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Lockdown govt’s self-goal: Subhash Chandra Garg

Updated on Nov 02, 2020 05:45 AM IST

A premature hard lockdown imposed across the country to curb the Covid-19 pandemic was responsible for India’s economic plunge, according to former finance secretary Subhash Chandra Garg.

Subhash Chandra Garg
Hindustan Times, New Delhi | ByHT Correspondent

A premature hard lockdown imposed across the country to curb the Covid-19 pandemic was responsible for India’s economic plunge, according to former finance secretary Subhash Chandra Garg, who claimed that he opted for voluntary retirement after being shunted out by finance minister Nirmala Sitharaman because of a personality clash.

“There is a lot of cynicism presently about India’s ability to become even a $5 trillion economy anytime soon. This is largely because of government taking the eye off the ball of economic growth and making a big self-goal by imposing the world’s most stringent lockdown in the entire country at a time when the virus was not present in more than 1% of India,” Garg wrote in his latest blog.

The Indian economy shrank by a record 23.9% in the three months ended June mainly because of a 68-day hard lockdown enforced on March 25 that shut down factories and business establishments, closed down public transport, caused an exodus of millions of migrant workers.from the cities back to their homes in the countryside and confined citizens indoors.

Garg wrote in the blog he was transferred from the finance ministry because of Sitharaman. “It became quite apparent very early that working with her [Sitharaman] was going to be quite difficult and it might not be conducive to undertaking necessary reforms for the attainment of the objective of building a $10 trillion economy of India,” he wrote. He said that the new finance minister who took the charge of the ministry after the 2019 general elections had a “very different personality, knowledge endowment, skill-set and approach for economic policy issues and also for the officers working with her” in comparison to former finance minister Arun Jaitley.

Garg was shifted out of the finance ministry less than a month after the first budget presented by Sitharaman in July 2019 after the re-election of the Narendra Modi government. He alleged that the new finance minister got him transferred out of North Block to the power ministry that compelled him to opt for voluntary retirement.

Explaining the reason for taking voluntary retirement , Garg wrote: “...quite frankly... I did not share a good and productive working relationship with the new Finance Minister [Sitharaman] and I did not want to work anywhere outside the Ministry of Finance”.“It was the best of the time personally and professionally to work with Shri Arun Jaitley,” Garg wrote.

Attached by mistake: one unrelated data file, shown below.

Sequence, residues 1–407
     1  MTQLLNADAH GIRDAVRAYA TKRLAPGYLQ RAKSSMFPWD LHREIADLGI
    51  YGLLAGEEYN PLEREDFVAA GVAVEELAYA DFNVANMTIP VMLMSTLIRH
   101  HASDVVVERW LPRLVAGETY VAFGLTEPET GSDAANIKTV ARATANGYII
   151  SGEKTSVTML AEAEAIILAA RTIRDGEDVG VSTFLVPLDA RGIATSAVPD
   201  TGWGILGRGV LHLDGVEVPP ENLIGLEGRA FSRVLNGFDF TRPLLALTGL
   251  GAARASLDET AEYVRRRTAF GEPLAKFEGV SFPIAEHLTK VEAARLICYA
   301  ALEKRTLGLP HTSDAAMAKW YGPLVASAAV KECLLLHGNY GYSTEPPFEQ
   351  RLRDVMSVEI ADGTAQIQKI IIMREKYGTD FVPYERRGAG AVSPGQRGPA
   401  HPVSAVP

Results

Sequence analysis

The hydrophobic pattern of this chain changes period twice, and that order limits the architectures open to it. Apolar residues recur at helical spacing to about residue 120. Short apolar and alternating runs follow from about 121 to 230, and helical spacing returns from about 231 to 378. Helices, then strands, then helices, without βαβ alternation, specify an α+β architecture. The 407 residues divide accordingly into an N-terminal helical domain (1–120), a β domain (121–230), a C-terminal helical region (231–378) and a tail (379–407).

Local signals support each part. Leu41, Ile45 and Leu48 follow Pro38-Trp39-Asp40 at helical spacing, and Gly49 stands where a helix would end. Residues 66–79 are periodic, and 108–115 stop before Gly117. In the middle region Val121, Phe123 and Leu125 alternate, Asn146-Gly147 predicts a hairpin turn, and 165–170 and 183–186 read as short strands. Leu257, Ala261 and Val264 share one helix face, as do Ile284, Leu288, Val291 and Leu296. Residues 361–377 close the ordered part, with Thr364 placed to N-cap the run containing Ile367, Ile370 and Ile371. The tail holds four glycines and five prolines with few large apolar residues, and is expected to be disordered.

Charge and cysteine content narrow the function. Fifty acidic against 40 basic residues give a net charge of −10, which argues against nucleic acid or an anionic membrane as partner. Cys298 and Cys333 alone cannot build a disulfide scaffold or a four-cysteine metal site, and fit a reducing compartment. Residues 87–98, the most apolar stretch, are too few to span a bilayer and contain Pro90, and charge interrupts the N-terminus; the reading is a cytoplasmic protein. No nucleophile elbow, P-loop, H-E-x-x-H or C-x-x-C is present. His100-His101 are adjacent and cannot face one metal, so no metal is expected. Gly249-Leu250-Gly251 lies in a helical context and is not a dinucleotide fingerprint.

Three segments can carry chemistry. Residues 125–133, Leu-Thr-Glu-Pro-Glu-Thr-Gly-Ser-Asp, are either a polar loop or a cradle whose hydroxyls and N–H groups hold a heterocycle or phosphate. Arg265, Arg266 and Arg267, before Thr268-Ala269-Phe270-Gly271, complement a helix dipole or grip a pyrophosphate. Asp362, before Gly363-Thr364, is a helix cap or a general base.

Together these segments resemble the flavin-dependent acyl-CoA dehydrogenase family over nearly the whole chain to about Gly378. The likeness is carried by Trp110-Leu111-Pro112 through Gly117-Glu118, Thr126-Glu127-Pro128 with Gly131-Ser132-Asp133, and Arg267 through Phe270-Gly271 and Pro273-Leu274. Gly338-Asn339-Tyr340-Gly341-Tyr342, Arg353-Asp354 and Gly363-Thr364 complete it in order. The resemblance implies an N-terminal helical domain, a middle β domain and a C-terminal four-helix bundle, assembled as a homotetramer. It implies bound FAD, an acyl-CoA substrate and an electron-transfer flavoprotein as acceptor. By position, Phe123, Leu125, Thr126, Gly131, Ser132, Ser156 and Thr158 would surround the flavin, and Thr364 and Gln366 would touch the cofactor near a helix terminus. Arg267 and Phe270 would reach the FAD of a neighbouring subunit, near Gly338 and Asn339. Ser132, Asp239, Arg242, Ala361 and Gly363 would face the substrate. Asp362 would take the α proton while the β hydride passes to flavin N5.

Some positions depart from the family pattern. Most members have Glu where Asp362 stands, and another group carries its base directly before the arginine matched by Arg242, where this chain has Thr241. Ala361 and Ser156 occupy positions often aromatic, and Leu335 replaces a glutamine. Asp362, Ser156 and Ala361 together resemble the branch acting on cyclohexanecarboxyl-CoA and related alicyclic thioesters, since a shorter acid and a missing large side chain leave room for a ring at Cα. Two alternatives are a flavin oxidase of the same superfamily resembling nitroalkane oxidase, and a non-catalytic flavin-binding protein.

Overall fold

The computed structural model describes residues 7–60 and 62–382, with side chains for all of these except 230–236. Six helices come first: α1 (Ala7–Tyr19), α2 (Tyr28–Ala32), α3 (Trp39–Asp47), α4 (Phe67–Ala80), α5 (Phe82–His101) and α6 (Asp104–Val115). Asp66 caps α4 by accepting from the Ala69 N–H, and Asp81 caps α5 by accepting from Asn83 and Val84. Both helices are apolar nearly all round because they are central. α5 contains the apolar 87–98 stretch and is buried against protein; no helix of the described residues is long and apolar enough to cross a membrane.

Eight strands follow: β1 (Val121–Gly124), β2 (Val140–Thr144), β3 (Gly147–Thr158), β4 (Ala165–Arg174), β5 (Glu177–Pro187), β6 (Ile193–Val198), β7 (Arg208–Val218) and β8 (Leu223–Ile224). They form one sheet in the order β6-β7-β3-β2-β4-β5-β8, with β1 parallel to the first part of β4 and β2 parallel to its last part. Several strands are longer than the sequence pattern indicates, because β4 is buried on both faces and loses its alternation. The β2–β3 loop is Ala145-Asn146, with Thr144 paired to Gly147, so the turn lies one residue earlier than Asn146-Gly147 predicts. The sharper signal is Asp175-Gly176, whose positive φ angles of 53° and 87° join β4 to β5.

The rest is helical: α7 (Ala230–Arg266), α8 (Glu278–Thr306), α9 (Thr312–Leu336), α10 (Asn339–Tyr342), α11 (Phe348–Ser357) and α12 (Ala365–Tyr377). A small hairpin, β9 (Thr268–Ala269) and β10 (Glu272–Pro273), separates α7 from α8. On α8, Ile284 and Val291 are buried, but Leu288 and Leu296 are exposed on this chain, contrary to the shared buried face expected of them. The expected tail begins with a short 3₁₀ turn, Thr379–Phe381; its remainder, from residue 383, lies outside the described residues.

Drawing a comparison between his two bosses, he wrote: “Shri Arun Jaitley, with whom I spent most of my time in the Ministry of Finance, was a mastermind with an uncanny ability to sift through massive amounts of information and government files to discover the pith and substance of the public policy issue involved. He also had right temperament and ability to forge consensus.”

“By devising the most acceptable solutions and then engendering wider acceptance for the same, Shri Jaitley was able to get solutions for most divisive and intractable solutions accepted by all. The GST [Goods and Services tax] reforms are a case in point,” he wrote, pointing to the recent disagreement over between the Centre and some states ruled by opposition parties over the issue of compensation for a shortfall in revenue from the indirect tax this financial year.

The former civil servant said the late former finance minister was not a micro-manager. “Shri Jaitley focused on broader policy issues. He left the running of the departments and implementation of policies to the Secretaries.... He made the Secretaries present the policy proposals to the Prime Minister’s Office as well as to the media and the public. He was a very magnanimous and broadminded person,” he wrote. Garg said he did not share a productive working relationship with Sitharaman, who had “some pre-conceived notions” about him.

The ministry of finance did not respond to Garg’s blog, but two officials working under Sitharaman said, requesting anonymity, that secretaries had been transferred in a routine exercise, which is a prerogative of the government. “More than a dozen of secretaries have worked under Sitharaman in various ministries, including ministries of defence, commerce and corporate affairs. Even in the finance ministry, there are five secretaries. It, therefore, appears it was mainly Garg’s own personality issue,” one of them said.

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